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									Further Particulars - Department of Mathematics

The Department of Mathematics is internationally recognised for the high quality of its research, and is rated
amongst the very best in the country. It was founded in 1965 by Professor Sir Christopher Zeeman, and since
that time has gone from strength to strength. Warwick Pure Mathematics was ranked 2nd in the UK in the recent
national RAE 2008 research assessment exercise. Applied Mathematics was ranked equal first in the UK for the
proportion of its research given the top 4* "world-leading" rating. Taking Pure and Applied Mathematics together,
over 70% of our research was rated as either 4*(world-leading) or 3* (internationally excellent).

The initial research strategy of the Department concentrated on analysis, algebra and topology. Strong groups
were developed across what was seen as the mainstream of pure mathematics. In the mid/late-80s it was
decided to also build up applied mathematics by extending out from the established group in dynamical systems.
Today the applied mathematics component is one of the strongest and most vibrant in the UK and the
Department can truly claim to cover a very broad range of the mathematical sciences.

The absence of barriers between pure and applied mathematics and the strong encouragement of links between
them is a distinctive and crucial feature of our research culture. We believe that the cross fertilisation this enables
produces a more creative and productive environment and opens up each area to the ideas and approaches of
the other. Recent years have seen the Department leading the way in the development of interdisciplinary
research and postdoctoral training (see below).

The Department continues to grow, including new academic posts, a £15m new building (2003) (extended in
2008) and an increased investment in support staff, facilities and initiatives. The University is committed to
continuing support and improvement.

The Department has a vigorous research culture, manifested by a high level of activity including, over the past
five years, more than 1,300 research seminars, five successful year-long symposia, and more than 100
workshops and meetings.

Academic Staff

The total number of academic staff is 61 (including 30 Professors; 27 Associate Professors,10 of whom are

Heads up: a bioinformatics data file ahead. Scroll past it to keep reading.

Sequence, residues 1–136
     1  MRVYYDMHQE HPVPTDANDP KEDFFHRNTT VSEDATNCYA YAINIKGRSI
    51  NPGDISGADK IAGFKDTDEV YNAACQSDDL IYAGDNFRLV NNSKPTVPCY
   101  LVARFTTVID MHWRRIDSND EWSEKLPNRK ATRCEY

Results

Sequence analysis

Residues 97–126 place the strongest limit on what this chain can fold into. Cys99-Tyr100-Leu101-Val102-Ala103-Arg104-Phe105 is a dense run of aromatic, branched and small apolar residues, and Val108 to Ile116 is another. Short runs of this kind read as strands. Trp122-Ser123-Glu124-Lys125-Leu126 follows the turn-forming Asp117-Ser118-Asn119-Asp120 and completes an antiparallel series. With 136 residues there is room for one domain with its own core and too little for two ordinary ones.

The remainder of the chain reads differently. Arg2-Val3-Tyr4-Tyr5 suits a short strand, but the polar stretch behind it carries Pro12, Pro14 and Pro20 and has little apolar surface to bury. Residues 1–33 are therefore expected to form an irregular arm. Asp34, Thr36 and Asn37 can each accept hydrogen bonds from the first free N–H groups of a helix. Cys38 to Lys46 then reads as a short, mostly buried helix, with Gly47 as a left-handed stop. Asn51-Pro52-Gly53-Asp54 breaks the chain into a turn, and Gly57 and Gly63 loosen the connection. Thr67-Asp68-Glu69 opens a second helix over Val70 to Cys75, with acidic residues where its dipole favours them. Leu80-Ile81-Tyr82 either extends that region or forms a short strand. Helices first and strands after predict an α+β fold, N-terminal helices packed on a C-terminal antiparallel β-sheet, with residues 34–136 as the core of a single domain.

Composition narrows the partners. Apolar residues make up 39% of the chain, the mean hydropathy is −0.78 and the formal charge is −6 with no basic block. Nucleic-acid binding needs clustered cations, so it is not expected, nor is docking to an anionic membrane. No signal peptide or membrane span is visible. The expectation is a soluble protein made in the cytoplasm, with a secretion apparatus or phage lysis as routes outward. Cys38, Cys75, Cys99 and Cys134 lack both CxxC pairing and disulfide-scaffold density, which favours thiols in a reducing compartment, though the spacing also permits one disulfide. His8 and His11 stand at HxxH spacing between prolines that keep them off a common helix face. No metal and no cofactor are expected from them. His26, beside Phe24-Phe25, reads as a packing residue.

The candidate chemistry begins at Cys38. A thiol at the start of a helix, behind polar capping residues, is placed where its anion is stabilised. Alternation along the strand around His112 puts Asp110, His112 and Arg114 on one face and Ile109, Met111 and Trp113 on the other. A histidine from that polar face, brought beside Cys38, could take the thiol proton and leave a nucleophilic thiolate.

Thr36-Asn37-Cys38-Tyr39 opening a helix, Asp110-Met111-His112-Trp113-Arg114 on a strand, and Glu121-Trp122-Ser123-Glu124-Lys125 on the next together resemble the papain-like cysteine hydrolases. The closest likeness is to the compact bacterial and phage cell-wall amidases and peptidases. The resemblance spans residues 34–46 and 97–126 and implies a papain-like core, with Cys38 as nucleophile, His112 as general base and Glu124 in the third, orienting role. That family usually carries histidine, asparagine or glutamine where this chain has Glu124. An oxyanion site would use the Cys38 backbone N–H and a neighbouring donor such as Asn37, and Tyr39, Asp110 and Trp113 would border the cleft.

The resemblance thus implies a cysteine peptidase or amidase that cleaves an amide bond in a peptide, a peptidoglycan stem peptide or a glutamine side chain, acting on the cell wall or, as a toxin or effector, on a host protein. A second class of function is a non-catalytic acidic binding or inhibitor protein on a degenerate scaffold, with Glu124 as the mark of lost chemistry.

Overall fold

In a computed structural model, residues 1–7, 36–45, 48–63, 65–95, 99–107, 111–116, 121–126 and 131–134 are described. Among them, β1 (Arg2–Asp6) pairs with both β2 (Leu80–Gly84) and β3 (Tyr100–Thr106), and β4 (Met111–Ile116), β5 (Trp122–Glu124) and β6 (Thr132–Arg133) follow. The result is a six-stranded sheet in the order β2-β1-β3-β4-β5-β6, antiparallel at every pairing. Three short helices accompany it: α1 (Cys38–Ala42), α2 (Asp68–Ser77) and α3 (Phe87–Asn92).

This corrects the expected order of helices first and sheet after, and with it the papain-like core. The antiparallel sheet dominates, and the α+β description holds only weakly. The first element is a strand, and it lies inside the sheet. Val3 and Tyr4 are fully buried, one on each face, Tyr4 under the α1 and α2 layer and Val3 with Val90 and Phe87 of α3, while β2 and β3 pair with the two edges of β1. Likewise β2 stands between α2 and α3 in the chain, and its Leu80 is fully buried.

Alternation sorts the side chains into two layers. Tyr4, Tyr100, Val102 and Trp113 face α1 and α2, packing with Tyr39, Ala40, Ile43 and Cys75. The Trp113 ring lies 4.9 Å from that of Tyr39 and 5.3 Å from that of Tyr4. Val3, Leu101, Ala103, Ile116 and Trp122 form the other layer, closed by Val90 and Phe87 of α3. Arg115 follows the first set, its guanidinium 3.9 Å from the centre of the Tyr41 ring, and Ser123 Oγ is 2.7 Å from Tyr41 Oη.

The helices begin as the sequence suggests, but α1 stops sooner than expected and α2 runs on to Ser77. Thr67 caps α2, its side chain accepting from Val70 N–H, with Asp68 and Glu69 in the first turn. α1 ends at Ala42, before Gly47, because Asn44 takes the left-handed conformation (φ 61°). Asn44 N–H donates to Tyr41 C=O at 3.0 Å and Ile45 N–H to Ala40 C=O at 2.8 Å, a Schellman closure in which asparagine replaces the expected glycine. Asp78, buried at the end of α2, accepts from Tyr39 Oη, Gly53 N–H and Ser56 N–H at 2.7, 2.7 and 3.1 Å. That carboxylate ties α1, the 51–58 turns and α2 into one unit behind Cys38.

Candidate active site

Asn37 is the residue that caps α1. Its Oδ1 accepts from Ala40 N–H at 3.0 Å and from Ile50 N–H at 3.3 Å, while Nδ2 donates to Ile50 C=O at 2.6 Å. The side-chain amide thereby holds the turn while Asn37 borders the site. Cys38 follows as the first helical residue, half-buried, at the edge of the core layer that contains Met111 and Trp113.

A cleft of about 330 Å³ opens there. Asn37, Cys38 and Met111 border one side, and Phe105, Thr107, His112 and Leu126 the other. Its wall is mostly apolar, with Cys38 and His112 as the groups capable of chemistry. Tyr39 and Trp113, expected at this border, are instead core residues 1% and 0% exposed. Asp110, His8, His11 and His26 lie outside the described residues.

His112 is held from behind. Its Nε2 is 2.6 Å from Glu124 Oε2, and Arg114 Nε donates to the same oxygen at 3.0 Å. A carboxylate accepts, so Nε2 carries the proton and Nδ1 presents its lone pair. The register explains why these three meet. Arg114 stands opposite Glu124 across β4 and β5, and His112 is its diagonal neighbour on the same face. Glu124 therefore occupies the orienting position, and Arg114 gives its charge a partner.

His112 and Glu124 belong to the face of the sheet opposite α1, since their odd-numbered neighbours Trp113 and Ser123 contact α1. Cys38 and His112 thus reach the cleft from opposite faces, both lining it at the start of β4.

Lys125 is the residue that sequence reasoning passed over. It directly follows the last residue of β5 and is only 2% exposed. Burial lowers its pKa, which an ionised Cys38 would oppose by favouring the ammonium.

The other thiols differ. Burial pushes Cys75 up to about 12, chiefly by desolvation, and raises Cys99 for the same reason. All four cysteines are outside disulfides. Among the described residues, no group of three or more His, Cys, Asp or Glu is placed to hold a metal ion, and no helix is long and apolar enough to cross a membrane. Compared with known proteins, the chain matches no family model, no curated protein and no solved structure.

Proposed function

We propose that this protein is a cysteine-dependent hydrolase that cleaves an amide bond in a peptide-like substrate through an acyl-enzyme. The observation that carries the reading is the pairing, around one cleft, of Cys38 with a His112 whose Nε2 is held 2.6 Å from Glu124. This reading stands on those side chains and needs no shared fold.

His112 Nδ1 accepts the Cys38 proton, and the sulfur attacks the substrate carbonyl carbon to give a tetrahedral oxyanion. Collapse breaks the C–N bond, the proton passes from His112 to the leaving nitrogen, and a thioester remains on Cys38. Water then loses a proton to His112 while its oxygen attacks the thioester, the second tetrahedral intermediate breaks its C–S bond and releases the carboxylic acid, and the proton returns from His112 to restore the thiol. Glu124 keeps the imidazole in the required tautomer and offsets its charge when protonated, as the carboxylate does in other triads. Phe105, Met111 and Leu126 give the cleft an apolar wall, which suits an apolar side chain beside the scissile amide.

Readers; 4 Assistant Professors; and 1 Principal Teaching Fellow). All staff benefit from the broad range of well
developed staff development activities provided by the University and the Department. There are generous
schemes for paid (1 term in 7) and unpaid leave which are actively used to promote research. A research and
development officer highlights grant opportunities and assists with applications and management of grants.

Department policy stresses the provision of extra support for young staff. New recruits are integrated into the
research environment of the Department by allocation of a mentor, the University's appraisal system, a reduction
of in the teaching load of probationary staff, and active involvement in the running of the Department's research.
The Department provides funds for start-up, travel and conferences. Our outstanding record for rapid promotion
of young staff testifies to the quality of our support.

The Department has an increasing number of postdoctoral research assistants and fellows: currently 27
including 3 Marie Curie Fellowships, 3 (EPSRC) Career Acceleration Fellowships, 3 EPSRC Postdoctoral
Research Fellowships and 2 Leverhulme Early Career Fellowships.
The Mathematics Research Centre

The Mathematics Research Centre (MRC, current director Professor Miles Reid) is an integral part of the
Department. It plans and organises a very active visitor’s programme and has a strong reputation for welcoming
and hosting exciting mathematical activity in an informal and productive atmosphere. Since 1965 it has run
year-long research symposia which attract mathematicians of international stature. Recent symposia have
included: The Mathematics of Quantum systems (04/05); Turbulence (05/06); Low Dimensional Geometry and
Topology (06/07); Algebraic Geometry (07/08); Challenges in Scientific Computing (08/09); The Mathematics of
Complexity Science and Systems Biology (09/10); and Ergodic Theory and Dynamical Systems (10/11). The
symposium in 11/12 is Probability.

Postgraduate Environment

The postgraduate community is: 84 PhDs and 11 MSc. Most PhD students are supported on the Department’s
DTG from EPSRC, on individual grants, or by grants from other sources.

The Department of Mathematics and the Department of Statistics has a £4.2M grant from EPSRC to run a new
Centre for Doctoral Training (CDT) in Warwick. This centre, MASDOC, will train 40 students in 4 cohorts of 10,